Hinds (formerly known as Deers) are an all-female, four-piece Spanish band hailing from Madrid, Spain. Their debut album ‘Leave me Alone’ delivers on the promise of their prior single releases and sarcastically titled EP ‘Very best of Hinds so far’. Whilst not being particularly innovative, the album is a very fun listen, with a blend of indie-pop and garage rock utilised well, reminiscent of bands like Smith Westerns.
The album kicks off with ‘Garden’, a summery song released as a single last year, which sets a fast pace for the rest of the album, with it being the only song longer than four minutes. Raw production suits the album well, particularly the grainy vocals which resemble the bratty snarl of Girlpool. The lo-fi approach complements the excellent performances of vocalists Carlotta Cosials and Ana Perrote, which are a different beast all together when their voices combine. The poppy electric and acoustic guitars merge with the garage rock indebted rhythm section very nicely.
‘Fat calmed Kiddos’ and ‘Warts’ continue on in similar musical vein, with strong, classic garage rock vocal combinations and fun choruses driven by the tight rhythm section of Ade Martin on bass, and Amber Grimbergen on drums. However ‘Fat Calmed Kiddos’ contradicts the message of the LP title ‘Leave me Alone’ and betrays the upbeat instrumentation, by pleading “please don’t leave me”, hinting maybe everything isn’t so rosy after all. Themes of love and relationships are explored throughout the album, particularly on ‘Warts’ with the lyrics “don’t let her waste your time//don’t let her close your eyes”. ‘Easy’ is a slightly slower song, with a moody sounding guitar, whilst ‘Castigadas en el Granero’ has a stop-start introduction leading into a sun-flecked, surf rock verse and chorus. ‘Solar Gap’ is a slow, suitably placed instrumental track, with a woozy electric guitar tone sounding like the embodiment of summer.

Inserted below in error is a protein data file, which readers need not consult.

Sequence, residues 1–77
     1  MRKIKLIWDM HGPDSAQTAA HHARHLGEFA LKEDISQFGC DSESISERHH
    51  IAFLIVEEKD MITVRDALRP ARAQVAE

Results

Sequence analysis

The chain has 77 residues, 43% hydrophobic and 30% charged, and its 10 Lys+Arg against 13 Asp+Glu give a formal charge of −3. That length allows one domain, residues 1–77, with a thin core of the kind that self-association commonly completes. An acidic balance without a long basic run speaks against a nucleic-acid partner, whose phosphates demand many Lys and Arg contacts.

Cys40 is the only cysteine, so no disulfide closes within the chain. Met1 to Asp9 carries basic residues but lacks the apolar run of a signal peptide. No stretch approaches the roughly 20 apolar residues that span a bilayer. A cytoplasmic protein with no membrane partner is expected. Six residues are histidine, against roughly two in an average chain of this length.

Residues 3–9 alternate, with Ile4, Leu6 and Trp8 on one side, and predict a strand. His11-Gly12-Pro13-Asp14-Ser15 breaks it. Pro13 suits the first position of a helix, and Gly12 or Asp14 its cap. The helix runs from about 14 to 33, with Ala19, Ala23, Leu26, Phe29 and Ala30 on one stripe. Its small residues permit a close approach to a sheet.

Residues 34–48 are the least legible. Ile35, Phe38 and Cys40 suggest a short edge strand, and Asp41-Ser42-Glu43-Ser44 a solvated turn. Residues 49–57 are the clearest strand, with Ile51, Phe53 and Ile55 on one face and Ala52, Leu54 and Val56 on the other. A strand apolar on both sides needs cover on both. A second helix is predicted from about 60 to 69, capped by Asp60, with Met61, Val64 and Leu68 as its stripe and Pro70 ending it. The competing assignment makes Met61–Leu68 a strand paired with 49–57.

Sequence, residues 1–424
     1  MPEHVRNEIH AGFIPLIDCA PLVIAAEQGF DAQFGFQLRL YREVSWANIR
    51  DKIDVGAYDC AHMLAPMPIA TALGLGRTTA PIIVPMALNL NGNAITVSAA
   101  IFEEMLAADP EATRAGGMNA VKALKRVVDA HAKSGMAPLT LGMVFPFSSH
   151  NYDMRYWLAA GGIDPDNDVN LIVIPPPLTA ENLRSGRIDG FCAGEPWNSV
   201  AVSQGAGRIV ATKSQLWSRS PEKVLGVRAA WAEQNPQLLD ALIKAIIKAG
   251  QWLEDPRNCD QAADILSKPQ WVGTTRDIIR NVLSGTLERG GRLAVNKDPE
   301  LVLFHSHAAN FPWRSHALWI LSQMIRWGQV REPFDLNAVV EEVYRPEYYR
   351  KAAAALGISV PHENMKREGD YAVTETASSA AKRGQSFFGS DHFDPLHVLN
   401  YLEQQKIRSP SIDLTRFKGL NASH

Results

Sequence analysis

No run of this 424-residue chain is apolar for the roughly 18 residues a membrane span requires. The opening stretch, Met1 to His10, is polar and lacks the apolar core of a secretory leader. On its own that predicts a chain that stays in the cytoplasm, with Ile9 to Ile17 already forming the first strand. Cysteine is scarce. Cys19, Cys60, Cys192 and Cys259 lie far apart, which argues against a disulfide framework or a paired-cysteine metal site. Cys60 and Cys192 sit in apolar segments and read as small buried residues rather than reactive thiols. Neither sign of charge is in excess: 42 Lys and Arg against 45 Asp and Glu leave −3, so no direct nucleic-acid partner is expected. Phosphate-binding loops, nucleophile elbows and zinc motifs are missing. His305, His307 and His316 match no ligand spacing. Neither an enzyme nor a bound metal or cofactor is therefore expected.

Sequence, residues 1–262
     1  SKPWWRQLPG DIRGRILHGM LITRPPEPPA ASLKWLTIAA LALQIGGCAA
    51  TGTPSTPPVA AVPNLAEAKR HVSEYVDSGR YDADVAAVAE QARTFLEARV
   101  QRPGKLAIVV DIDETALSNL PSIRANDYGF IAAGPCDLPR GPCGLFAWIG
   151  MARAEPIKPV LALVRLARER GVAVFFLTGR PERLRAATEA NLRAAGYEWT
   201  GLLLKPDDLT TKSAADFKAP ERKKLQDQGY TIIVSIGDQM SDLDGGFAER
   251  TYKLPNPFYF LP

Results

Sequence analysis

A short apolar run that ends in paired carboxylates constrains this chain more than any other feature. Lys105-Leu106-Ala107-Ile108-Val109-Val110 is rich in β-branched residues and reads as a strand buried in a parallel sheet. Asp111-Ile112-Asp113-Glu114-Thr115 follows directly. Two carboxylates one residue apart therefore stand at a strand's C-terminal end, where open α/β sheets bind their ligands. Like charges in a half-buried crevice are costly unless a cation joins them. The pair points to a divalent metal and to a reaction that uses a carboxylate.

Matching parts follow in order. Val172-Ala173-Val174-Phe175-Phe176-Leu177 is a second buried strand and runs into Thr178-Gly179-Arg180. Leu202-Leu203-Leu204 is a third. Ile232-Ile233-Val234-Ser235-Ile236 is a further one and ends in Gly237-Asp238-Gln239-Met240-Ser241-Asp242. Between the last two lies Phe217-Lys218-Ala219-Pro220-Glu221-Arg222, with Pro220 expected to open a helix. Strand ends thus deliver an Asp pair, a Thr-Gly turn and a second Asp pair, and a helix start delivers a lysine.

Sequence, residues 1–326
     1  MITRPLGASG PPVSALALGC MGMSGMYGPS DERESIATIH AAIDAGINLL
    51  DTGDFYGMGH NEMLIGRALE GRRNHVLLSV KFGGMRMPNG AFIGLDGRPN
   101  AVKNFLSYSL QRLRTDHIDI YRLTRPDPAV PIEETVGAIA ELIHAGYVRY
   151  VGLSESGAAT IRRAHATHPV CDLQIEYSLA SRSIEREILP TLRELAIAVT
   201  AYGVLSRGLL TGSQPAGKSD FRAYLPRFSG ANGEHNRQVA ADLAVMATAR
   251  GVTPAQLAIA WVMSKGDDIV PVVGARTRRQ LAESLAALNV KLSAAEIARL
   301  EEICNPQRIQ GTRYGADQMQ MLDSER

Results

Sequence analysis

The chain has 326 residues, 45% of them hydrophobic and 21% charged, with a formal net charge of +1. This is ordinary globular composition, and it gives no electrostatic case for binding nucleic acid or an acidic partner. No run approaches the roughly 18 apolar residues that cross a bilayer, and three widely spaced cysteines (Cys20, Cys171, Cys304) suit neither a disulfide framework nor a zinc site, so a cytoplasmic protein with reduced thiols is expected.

The lyrics in the second half of the album all involve the minefields of romance, with ‘Chili Town’, another single released in 2015, containing the lines “I am flirting, with this guy// so you can watch my crime”, this is then altered later in the song to “I am flirting, with this guy// just to pretend I’m fine”, wonderfully describing the underlying sadness and mundanity entailed in flirting. ‘Bamboo’ is a lush, upbeat song, packed with giddy euphoria and romantic hope. ‘San Diego’ has a glorious, ramshackle feel with a simplistic ‘dah dah dah’ singalong chorus and continues where the upbeat ‘Bamboo’ left off. ‘And I will send your flowers back’ takes a break from the carefree breeziness of the rest of ‘Leave me Alone’, describing the demise of a relationship. A moody, solitary guitar backing the vocals during the intro, setting the scene for the most intimate song on the album, with Carlotta Cosials and Ana Perrote sending out a heartfelt fuck you to anyone guilty of romantic injustice, brilliantly encapsulated in three lines “And I will send your flowers back// What goes around comes around// What a fucked up mess”. The girls are then all smiles again in ‘I’ll be your man’, where soft vocals chime “I’ll make it simple// I don’t need no games”. Hinds then close on the same wide-eyed romanticism deployed on Bamboo, with the garage-rock/indie-pop combination working masterfully, finishing on the declaration that “you’re the love of my life”.
The band fully explore the peaks and troughs of romance via their bratty, almost-chant like vocals, as well as showing fragility and tenderness underneath the raw, garage-rock production. Hinds may not re-invent the wheel, but the album is a blissful, summery plethora of tunes happy and sad that make for an enjoyable listen.